Known as 'Poor Mans Capers', pickled nasturtium seeds are far from 'playing second fiddle' to the real and more well known form of caper.  These crunchy home-grown versions are a welcome addition to salads and pep up savoury Mediterranean style dishes. 
Here's the simple way I make them -
Pick them whilst still fresh, plump and green.  Measure how many seeds you have and then measure out an equal amount of vinegar (white wine, red wine or cider).  Wash, drain and dry the seeds and pop them in a jar.  Meanwhile boil up the vinegar with a little bit of salt (to taste but a rough guide would be 1 teaspoon to one cup of vinegar), a few crushed peppercorns, some pickling spices, sliced onion if you like, lemon zest if you like, even chilli if you like!  Simmer for 5 minutes then cool before pouring into jar with seeds and sealing. They are about ready in a week and will keep for months in the fridge.  This jar I made last Autumn is still good!

So keep a place in your garden and your heart for these rampant but colourful characters as they are more than just a pretty face when it comes to contributing to the edible garden.

Wednesday, 22 May 2013

Sun is Shining..... is sweet; make you wanna move your dancing feet.  To the rescue here I am!
Yes, sunshine in the evening at last.  To the rescue and how wonderful it is.  So we had a quick easy dinner and then off down the beach to bask in the golden evening light.  It's lovely to see sand, sun, wind and humans creating their own natural art.  It made us smile and we only hope that for our sake and all the tourists who will soon descend on our patch for the May Bank Holiday and the schools half term week holiday, that the sun will continue to shine down on all of us.

Sunday, 19 May 2013

Seaweed Feeding Cornish Style

Most people are familiar with using seaweed as a plant food (well those that think beyond the horrible chemical feeds that some idiots use to grow stuff).  You can buy it in concentrated form in bottles in garden centres or on-line.  Before I lived in Cornwall that is what I did but now we can go directly to source with no plastic bottle involved. 
In certain conditions it washes up on the beach in big piles.  It doesn't happen very often so when that coincides with the growing season, you have to grab it whilst you can.  We don't take much (as we don't have a huge garden anyway) so hardly a dent is made in this free natural offering.
This time I used it around our strawberries, raspberries, blackcurrant and olive tree.  Not only does it provide a slow release feed but I am hoping its saltiness and sandiness will join efforts with our nematodes (biological pest control) in keeping the slugs and snails away.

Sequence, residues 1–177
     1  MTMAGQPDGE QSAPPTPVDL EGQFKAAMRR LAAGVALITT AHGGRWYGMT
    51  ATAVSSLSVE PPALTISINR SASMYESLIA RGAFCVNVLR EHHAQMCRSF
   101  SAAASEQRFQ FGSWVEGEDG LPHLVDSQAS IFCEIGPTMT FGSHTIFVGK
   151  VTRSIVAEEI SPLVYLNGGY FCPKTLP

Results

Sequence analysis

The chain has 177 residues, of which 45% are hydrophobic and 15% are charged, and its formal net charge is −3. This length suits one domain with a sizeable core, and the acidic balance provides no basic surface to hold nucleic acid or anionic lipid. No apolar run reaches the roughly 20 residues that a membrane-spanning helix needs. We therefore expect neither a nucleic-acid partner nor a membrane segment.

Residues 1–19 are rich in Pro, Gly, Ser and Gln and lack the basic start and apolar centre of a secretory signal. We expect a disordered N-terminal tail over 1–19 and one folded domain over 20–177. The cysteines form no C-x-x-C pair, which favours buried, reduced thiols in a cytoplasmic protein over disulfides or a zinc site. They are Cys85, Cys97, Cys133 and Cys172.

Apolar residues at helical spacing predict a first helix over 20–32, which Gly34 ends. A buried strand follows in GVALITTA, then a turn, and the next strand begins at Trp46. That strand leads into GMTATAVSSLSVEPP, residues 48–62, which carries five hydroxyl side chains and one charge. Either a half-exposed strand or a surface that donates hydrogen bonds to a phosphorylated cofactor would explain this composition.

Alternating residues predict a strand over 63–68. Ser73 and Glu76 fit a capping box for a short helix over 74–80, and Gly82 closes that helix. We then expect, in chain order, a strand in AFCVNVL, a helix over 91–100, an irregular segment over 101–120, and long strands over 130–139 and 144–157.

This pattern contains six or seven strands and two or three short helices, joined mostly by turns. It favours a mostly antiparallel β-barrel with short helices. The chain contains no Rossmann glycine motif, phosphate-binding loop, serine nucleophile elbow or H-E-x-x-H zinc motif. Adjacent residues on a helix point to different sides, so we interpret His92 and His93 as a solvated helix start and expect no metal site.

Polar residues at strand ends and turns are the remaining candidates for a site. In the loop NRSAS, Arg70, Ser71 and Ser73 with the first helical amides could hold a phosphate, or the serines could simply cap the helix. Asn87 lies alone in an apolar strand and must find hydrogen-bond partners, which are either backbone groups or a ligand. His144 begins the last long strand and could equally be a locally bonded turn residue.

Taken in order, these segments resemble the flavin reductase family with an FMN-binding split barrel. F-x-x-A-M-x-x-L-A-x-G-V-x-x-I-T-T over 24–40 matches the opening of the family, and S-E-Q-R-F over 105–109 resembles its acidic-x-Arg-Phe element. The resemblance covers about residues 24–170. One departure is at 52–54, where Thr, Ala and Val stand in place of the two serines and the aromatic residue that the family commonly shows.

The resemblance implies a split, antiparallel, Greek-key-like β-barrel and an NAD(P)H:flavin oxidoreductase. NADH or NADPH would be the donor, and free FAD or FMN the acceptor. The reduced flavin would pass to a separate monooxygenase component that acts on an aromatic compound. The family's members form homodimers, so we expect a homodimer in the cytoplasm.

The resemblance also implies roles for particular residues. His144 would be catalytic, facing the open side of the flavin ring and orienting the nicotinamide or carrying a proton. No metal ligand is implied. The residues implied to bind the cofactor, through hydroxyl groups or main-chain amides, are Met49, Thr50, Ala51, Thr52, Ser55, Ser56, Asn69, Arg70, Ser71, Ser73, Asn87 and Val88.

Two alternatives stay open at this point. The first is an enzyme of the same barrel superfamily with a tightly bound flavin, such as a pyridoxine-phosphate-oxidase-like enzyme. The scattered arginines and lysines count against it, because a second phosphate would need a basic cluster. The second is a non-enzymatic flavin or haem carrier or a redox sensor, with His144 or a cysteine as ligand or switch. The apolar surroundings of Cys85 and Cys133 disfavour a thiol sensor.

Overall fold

The added bonus is that it smells even more like the sea in our garden now (although I'm not sure that will continue to be as pleasant as it gradually rots down)!

Wednesday, 15 May 2013

Taking a 'Ch-ill' Pill

I pride myself on not getting ill that much.  Both of us do; and with me working in a university and Phil working in a hospital, we frequently come in contact with bug carrying customers and colleagues.  Yet still, whilst others around us snivel and cough, we mostly seem to get away with it......that is until now. 

Phil succumbed first just before the weekend with a full gambit of sore throat, aching, snot and tiredness and I have to say he soldiered on pretty well for a man.  The washing line was full of newly washed hankies and the weekend kept to a quiet plod as a result but on the whole he suffered in quiet dignity and got most of it out of the way come Monday morning.  The baton was then passed on to me starting with the uneasy grating at the back of my throat.  However, despite this and Phil's continuing  but slow recovery, we both managed to drag ourselves into the Monday morning mayhem of work.   To be honest, I thought I'd got away with it.

Tuesday morning arrived with a thud (to the head) and a fresh bag of cotton wool balls stuffed into every orifice of my head.  I was going nowhere apart from dragging my sorry arse down to the phone as soon as the alarm went off at 6.30am to leave a message for my boss.  I was in shock.  I don't get ill.  I don't even get hangovers (although people don't believe me when I tell them this).  Why was this happening now?  The past 18 months had been a blur of stress for various reasons but most of that was now in the past.  If anything was going to 'get me' it was more likely then not now.  But then, isn't that often the way?  The fact of the matter was that I could relax more now and my immune system decided to go on holiday as a result too.  Phil hit the nail on the cotton wall head when he said "This is how I get you to chill out".

So yesterday morning, when I finally woke up, I did a lot of staring out the window as the wind lashed the rain against the glass.  It was all I could do and you know what, it was almost wonderful.  I wasn't thinking about work, about family issues, about what I hadn't done in the garden yet, about the camper van we have yet to find, about my next big crazy project, about accounts, about anything that normally and continously fills up my overactive mind.  I was just staring.  Being ill had made me stop and I could do nothing about it.  I had taken a 'Ch-ill' pill.